Recently, we travelled to Southern Alberta to visit with Carol’s side of the family. Are they in-laws, out-laws, or maybe some of both? Regardless, I love them all.
As we approached our destination, we chatted about our expectations of how the landscape would look, based upon our memories. We tend to expect it will be the same as we’ve experienced it before, which creates a familiar feeling.
But it was different. Each time we go there, we see more houses in the countryside and expansion in the towns. The growth is not necessarily right or wrong, it is just different. And the feelings created are not necessarily good or bad, they are just different – they are not familiar.
My son, Jamie, chimed in, “Memories are our mental landscape. We have perspectives and expectations based upon the way we experienced the world in the past.”
Not only does this apply to geography, exactly the same thing occurs in our relationships. Our memories of interactions with another person programs our brain for expectations of current or future interactions.
This can be really positive.
I remember when Carol and I were courting. We lived an hour apart and saw each other on weekends. We would both be at our best. Heck, I even put on clean underwear. I knew that Carol would look gorgeous, smell wonderful, and we would have a fantastic time together. It felt great. I expected it.
I remember cuddling Jamie and Brad when they were babies – the look of the tiny toes and fingers, the feel of their soft skin, the freshly-bathed baby smell. I love that memory. That’s how I expected babies would be.
And then … and then … sooner or later, our interactions don’t match our expectations. On one end of the scale, our interactions become even more wonderful, which enhances our expectations and good feelings – cool deal, better than expected!
On the other end of the scale, our interactions don’t meet our expectations and we have not-good feelings, which could be labelled as disappointment, frustration, anger, or eventually depression. Because of these not-good feelings, we look for, and find evidence of more unmet expectations. The negative cycle continues with each interaction and the mental landscape changes for the worse.
In every interaction with that person, or even the thought of an interaction, we drag forward our mental landscape and contour the interaction according to our expectations of how it will look, sound, and feel, even before the interaction occurs. Guess what? We get what we focus on most intensively.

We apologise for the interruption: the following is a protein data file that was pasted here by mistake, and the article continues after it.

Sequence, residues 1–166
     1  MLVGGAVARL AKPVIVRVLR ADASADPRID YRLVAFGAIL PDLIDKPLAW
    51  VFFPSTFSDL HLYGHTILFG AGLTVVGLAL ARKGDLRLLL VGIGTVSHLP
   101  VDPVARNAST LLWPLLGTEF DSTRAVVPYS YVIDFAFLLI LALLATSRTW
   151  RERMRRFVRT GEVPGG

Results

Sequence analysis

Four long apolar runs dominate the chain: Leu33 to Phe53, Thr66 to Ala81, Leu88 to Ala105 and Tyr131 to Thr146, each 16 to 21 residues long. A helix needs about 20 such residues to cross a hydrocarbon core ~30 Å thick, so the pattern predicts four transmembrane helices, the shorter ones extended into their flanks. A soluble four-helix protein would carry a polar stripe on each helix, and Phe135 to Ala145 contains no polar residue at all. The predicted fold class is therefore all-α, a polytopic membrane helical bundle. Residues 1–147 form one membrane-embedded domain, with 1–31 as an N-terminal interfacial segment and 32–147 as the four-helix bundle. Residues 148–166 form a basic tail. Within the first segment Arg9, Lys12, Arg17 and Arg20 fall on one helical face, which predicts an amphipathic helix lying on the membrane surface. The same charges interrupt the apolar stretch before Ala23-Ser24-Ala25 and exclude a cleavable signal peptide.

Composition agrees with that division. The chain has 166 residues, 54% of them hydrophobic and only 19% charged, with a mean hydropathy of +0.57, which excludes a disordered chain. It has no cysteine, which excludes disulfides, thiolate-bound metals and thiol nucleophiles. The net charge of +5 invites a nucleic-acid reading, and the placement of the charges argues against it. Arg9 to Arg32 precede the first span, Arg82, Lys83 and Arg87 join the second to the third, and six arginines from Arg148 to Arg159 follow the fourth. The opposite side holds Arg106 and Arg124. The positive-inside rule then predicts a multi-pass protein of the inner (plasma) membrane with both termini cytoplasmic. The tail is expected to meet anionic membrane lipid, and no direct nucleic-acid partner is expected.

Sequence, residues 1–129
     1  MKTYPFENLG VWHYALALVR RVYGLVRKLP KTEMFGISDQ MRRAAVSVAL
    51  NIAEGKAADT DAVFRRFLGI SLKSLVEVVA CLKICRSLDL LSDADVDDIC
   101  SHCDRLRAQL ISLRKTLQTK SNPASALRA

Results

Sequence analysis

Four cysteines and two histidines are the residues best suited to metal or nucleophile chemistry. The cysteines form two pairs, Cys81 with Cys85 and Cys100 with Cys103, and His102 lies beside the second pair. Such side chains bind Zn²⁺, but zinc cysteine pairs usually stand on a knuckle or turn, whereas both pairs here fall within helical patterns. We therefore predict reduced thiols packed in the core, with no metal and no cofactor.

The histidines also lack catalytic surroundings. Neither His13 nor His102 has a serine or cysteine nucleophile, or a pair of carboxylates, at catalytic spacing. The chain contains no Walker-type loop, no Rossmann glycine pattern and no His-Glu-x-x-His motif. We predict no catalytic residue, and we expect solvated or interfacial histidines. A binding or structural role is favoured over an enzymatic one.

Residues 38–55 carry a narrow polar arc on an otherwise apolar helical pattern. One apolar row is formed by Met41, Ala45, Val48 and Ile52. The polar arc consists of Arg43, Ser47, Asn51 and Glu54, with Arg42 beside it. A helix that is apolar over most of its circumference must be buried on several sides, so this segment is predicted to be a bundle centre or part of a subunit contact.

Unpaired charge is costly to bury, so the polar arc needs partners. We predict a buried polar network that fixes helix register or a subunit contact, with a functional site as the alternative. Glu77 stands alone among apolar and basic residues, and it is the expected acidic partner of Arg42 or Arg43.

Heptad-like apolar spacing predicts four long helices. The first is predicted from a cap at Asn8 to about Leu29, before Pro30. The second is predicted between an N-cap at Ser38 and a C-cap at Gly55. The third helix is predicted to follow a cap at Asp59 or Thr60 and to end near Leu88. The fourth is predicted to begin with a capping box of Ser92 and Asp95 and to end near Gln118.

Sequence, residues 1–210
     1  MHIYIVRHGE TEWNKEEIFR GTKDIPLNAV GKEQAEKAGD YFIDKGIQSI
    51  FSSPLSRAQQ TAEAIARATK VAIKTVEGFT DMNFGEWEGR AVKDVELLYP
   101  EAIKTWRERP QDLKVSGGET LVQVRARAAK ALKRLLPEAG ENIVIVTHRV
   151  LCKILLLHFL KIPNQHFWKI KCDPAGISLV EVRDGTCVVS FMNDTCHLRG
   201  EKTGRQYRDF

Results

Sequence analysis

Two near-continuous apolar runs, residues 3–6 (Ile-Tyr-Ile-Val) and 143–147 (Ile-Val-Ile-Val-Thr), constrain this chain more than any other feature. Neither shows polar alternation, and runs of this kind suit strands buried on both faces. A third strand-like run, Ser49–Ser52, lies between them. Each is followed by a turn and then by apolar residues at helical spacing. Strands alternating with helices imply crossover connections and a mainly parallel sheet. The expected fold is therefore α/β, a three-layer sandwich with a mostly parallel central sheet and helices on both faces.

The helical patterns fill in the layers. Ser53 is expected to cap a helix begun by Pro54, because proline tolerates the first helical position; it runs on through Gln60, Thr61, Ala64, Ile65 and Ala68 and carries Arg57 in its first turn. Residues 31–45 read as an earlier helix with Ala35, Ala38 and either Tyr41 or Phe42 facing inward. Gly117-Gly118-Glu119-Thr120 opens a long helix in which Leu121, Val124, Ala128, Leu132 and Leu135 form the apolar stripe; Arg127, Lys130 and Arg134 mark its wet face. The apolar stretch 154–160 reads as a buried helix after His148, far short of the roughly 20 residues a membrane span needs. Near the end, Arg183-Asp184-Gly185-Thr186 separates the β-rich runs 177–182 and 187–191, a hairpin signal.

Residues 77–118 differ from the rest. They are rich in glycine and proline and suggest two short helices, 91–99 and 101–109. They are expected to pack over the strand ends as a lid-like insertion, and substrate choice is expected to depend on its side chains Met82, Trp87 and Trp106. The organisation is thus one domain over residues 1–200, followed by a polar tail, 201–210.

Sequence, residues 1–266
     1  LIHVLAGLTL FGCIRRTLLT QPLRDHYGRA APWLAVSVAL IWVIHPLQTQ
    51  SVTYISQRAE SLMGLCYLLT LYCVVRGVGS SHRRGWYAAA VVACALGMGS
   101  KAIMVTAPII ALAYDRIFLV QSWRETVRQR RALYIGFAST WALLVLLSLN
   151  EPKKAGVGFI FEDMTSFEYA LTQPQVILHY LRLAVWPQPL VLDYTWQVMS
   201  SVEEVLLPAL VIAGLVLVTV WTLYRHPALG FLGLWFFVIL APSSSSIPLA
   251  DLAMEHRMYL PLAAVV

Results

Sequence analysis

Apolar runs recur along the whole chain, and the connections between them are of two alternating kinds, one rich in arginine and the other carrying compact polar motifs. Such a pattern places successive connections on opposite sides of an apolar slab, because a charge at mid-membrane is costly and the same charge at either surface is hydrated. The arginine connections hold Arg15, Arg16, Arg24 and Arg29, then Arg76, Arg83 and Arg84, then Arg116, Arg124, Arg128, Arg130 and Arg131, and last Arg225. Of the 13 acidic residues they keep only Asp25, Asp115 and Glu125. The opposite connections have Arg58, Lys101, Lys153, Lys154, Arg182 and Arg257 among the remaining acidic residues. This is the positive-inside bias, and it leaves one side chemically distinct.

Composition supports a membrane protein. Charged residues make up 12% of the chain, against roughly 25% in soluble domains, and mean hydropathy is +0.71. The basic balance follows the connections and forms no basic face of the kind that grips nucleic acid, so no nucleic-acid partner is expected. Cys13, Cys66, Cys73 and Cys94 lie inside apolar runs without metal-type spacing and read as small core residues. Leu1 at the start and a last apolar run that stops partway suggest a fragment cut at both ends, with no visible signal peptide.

Have you ever contoured your interactions based upon memories?
If you say “no,” I’m guessing you lie about other things too.
If this “mental landscaping” is going to happen anyway, why not consciously use it to our benefit; to vastly enhance our relationships and build greater trust, rather than tearing them down? We’ve proved to ourselves that we know how to do it – we’ve been doing it unconsciously all of our lives.
My question for you is this: how wonderful and amazing could your relationships become if you used best-ever memories as your mental landscape?
If you’re willing, here are some self-questions and hints to make this happen for you.
• Choose to make your interactions a conscious communication rather than a reactive foray, regardless of anything that has happened in the past. Think, speak, and act accordingly.
• What is your intention for your interaction? Do you want the conversation to be respectful, positive, proactive, solution-oriented, kind, and loving – or the opposite of these values? Think, speak, and act accordingly.
• Can you search the hard-drive of your mind for memories of really wonderful and synergistic interactions where you felt great feelings? Employ these powerful positive memories as your mental landscape. Think, speak, and act accordingly.
• Eliminate ALL expectations. Take each wonderful fresh moment as a new adventure. The past is past, the future never comes, and now is all you have. Think, speak, and act accordingly.
• Be curious. Ask good questions and listen to understand the other person’s wants and perspectives. LISTEN – it is far more effective that telling. Think, speak, and act accordingly.
• Offer possibilities, ideas, and solutions rather than whining and complaining. Be eagerly willing to enhance ideas to benefit everyone. Think, speak, and act accordingly.
• What is the best possible outcome for all? Set aside your own ego, agenda, and “right way.” Think, speak, and act accordingly.
Are you up to these challenges?
This is not a game of win and lose. The goal is to re-contour your mental landscape so you look forward to every interaction and continually improve the landscape with each visit.
How will you know if this works?
Pay attention to how you feel. Your feelings always indicate whether you are getting the results you want (good feelings) or the results you don’t want (not-good feelings).
I guarantee you’ll get that which you focus on the most: effective relationships or not-effective relationships.
Consciously create a wonderful “now”. It’s all you’ve got.